One by one, folks on the opposing side of the wind turbine debate walked up to Henry VanRyn’s scale model and stood in awe.
If VanRyn’s model is as accurate as he said it is, the No To Wind group has a dramatic new tool it can use to try to change the minds of people who support building wind turbines in this community.
At nearly 60 centimetres tall, it’s a 1:210 scale model of a farm property with a Niagara Region Wind Corp. turbine on it.
VanRyn was one of about a dozen anti-wind turbine protesters standing outside a public meeting at the Wellandport Community Centre Wednesday night, where the NRWC was presenting its plans and studies to the public for the final time.
“I decided to build this to show the general public the size of this turbine compared to a house,” said VanRyn.
“There’s nothing in Canada (the size) of what they’re proposing for West Lincoln.”
The NRWC wants to build a 77-turbine development that would generate 230MW of power, making it the highest-producing wind farm in the country. With a hub height of between 125 and 135 metres, the turbines would also be the tallest.
After looking at VanRyn’s model herself, NRWC spokeswoman Randi Rahamim said she couldn’t confirm the accuracy of the model, but acknowledged the turbines were quite large.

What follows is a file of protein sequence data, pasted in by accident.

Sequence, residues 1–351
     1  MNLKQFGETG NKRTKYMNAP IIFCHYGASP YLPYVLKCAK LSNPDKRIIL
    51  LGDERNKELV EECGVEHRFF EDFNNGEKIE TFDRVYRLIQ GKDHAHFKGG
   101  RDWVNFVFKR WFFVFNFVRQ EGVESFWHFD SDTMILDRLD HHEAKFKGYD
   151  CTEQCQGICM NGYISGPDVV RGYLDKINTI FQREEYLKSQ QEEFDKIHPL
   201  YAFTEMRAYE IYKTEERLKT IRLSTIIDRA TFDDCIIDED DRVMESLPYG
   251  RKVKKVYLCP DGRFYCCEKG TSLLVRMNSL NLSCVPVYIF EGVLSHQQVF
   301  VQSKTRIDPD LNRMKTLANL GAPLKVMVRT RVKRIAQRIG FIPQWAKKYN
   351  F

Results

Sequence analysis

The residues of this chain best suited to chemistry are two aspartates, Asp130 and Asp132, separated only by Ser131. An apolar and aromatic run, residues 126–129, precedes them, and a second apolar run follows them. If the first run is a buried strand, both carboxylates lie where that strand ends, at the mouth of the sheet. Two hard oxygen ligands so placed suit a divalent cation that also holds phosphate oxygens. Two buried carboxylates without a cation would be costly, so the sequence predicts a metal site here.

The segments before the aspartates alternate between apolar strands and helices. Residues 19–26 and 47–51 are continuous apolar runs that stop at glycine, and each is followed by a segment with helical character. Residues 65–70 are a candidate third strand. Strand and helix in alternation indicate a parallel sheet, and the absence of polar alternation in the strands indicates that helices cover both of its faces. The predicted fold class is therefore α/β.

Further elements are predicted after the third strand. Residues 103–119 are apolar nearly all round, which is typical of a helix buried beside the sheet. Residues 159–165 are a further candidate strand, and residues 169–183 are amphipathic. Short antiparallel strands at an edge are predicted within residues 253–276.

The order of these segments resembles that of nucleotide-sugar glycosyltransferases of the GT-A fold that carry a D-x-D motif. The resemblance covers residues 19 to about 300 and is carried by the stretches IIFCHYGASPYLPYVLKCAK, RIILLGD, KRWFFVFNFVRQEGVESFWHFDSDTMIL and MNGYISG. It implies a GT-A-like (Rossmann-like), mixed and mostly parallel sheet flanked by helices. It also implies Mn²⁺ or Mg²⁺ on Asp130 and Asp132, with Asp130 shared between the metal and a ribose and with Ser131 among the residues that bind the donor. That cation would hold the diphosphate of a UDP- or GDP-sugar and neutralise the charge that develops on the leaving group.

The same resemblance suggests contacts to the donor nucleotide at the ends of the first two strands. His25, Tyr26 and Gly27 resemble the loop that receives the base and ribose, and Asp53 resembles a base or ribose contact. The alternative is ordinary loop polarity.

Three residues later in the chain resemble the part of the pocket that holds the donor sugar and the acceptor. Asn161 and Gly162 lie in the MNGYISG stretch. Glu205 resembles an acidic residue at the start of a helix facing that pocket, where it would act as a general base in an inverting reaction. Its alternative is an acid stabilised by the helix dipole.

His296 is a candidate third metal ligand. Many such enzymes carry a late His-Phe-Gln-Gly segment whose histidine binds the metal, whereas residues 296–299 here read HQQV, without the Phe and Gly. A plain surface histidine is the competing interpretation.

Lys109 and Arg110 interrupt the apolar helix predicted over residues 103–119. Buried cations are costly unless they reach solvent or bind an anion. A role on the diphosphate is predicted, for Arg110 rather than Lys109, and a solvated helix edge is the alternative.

“They are large structures. We’ve always been clear on their size,” she said. “These are taller because of the wind speed and wind location, and they’re also quieter the higher up you go because the noise source is further from the ground.”
As it’s required to do, the company behind the development is holding a series of public meetings throughout the week across West Niagara. It’s the final step before it can submit its Renewable Energy Approval proposal to the government.
The NRWC wants to start construction this fall to bring the turbines online in 2014.
Rahamim said she expected more people to attend the meeting Wednesday.
“With the level of interest in the project to date, I’m surprised with the turnout,” she said.
Previous council meetings where wind turbines have been discussed have drawn hundreds of people.
Dwight Peacock went to the meeting to ask the developers what they’ll do if the turbines affect television and Internet service, as other turbines have done in parts of Ontario.
“They seem to be receptive,” he said. “They’re taking down our information and saying they’ll get back to us, so we’ll take them at their word.”
The St. Anns man said he doesn’t blame the NRWC for wanting to build.
“They’re just trying to build a wind development,” he said. “You can’t take it out on them. It’s more how it’s being rolled out. (The government) is stripping the power away from individuals.”
Next up for the NRWC is another appearance at West Lincoln township council Monday night, which will again be held at South Lincoln high school to accommodate the expected large crowd.
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